Hardcover. Good Condition
Dale Chihuly (b. 1941) is the most important contemporary artist working in glass. Largely due to his influence, the United States boasts the most creative and prolific art glass movement in the world. In this sumptuously produced volume, distinguished art critic Donald Kuspit offers the first full-scale study of Chihuly and his innovative, avidly sought-after work.
Chihuly began to work in glass some 30 years ago, inspired by its unique ability to convey and transform color, light, and space. A co-founder of the esteemed Pilchuck Glass School, north of Seattle, which now attracts artists from around the world, Chihuly has produced works in blown, cast, and stained glass but is perhaps best known for his multi-part sets, complex groupings, and inventive architectural installations.
Donald Kuspit's important assay, illustrated with specially created photographs of Chihuly's spectacular glass sculpture, deals with the relationship of medium to artistry and craftsmanship as he explores the dynamics of the creative process.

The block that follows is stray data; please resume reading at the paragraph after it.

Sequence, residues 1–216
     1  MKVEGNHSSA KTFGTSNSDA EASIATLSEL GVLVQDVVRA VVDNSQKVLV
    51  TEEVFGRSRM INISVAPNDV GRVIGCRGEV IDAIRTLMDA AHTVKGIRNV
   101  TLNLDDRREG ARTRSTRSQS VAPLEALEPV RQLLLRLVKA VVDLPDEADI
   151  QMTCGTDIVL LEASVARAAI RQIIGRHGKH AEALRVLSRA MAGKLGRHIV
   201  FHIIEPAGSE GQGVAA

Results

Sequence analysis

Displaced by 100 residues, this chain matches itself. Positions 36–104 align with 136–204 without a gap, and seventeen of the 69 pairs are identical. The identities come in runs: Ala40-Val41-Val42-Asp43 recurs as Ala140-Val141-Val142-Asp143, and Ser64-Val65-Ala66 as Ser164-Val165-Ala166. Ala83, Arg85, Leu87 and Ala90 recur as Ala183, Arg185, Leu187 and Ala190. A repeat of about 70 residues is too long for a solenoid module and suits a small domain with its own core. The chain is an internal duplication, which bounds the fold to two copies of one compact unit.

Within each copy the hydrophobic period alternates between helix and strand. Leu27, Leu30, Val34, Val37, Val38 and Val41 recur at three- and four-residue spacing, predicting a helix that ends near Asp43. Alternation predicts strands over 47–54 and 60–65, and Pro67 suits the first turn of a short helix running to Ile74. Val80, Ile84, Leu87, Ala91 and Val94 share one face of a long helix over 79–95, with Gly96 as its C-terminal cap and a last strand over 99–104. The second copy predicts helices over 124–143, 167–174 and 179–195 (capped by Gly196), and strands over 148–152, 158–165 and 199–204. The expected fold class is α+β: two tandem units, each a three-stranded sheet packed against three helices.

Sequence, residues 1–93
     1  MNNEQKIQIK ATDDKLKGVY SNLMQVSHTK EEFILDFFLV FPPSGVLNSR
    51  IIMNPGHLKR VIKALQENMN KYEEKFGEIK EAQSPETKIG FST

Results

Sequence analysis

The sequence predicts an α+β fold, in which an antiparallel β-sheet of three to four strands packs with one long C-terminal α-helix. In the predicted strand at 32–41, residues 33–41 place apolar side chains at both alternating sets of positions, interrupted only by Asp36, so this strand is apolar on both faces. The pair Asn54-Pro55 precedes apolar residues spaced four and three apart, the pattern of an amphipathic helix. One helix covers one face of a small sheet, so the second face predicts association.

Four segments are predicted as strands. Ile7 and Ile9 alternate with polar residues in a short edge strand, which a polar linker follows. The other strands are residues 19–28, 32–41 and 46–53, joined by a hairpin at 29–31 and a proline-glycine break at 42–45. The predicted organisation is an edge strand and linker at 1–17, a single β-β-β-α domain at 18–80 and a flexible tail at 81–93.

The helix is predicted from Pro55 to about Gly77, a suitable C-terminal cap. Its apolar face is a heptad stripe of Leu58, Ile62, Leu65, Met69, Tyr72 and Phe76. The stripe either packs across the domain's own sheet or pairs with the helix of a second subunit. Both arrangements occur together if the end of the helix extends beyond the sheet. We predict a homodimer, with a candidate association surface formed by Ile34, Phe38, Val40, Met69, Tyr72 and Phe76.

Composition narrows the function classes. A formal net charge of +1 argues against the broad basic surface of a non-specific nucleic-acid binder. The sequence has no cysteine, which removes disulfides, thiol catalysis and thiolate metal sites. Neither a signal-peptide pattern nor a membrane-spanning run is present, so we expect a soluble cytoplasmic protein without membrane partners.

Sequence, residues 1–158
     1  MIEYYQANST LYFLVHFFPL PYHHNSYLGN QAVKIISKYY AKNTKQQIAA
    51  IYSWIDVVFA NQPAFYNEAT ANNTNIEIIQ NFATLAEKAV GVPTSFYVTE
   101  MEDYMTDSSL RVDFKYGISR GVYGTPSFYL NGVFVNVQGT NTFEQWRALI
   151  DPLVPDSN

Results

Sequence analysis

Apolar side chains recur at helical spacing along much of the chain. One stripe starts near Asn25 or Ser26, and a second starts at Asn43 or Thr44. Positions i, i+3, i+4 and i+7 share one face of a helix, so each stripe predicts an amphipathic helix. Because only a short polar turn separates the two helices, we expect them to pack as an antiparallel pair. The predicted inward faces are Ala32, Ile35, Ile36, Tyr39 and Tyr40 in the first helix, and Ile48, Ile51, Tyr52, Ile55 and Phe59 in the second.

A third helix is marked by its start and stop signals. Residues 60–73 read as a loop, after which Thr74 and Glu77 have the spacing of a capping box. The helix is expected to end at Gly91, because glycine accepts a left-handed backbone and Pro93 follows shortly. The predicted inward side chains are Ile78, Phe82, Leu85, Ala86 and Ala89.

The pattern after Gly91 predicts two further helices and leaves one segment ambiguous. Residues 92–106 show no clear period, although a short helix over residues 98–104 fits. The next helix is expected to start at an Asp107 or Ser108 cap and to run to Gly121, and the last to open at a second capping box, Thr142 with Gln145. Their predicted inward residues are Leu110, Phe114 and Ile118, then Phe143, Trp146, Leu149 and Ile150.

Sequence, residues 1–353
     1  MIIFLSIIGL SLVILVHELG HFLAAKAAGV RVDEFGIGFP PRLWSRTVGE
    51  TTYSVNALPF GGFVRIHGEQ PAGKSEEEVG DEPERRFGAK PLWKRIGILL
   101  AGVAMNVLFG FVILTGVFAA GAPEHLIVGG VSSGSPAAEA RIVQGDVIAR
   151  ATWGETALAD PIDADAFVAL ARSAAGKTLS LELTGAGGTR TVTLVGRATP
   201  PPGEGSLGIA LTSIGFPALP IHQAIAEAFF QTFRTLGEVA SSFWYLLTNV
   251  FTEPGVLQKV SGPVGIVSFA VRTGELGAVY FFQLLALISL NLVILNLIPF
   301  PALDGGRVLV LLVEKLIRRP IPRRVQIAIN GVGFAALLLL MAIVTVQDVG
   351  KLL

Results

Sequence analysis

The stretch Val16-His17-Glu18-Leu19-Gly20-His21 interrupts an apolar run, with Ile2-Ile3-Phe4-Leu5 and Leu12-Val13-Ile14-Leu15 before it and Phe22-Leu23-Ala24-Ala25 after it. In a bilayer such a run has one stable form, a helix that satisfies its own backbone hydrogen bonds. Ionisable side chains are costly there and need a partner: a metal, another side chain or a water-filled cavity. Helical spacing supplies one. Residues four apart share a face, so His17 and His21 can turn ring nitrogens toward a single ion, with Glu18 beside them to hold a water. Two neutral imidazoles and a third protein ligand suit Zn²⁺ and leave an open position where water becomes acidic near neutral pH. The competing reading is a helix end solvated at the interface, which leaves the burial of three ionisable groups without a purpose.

For more than 30 years, Dale Chihuly's work, principally in glass (but occasionally including such unconventional media as neon and ice), has challenged traditional distinctions between craft and art. Chihuly's oeuvre is notable for its vibrancy of color, the boldness of its shape and execution, and, in recent years, its studied mimicry of natural forms, from cacti to seaweed and jellyfish. The scale of these blown-glass works ranges from pieces suitable for a coffee table to vast hanging chandeliers that drape from ceiling to floor or shoot up like Christmas trees from below. At times, Chihuly's work is merely decorative, a collection of brightly colored, softened glass forms that resemble melted Christmas tree ornaments, sea anemones, squash, wriggling eels, and other organic shapes. The dizzying abundance of work created by Chihuly himself and his students-cum-assistants at his Pilchuk Glass School, and the enormously successful marketing of this art (Pilchuk, located near Seattle, is open to visitors), has lead some viewers to an overfamiliarity with the work. But art critics Donald Kuspit and Jack Cowart argue for its originality and importance in their introductory essays. (Perhaps overly so: Cowart compares the pieces to Matisse, Turner, and Walt Disney's Fantasia, while Kuspit evokes Freud, symbolism, and T.S. Eliot to argue for the works' seriousness of intent.) Even those readers familiar with Chihuly will be impressed with the capacious variety of form and function--candy bowls to chandeliers--captured in over 280 pages of photographs that exhaustively chart the artist's creations, along with the two essays mentioned above and a biographical time-line. For Chihuly fans who may not be able to afford a Chihuly original of their own, this book is the next best thing. --John Longenbaugh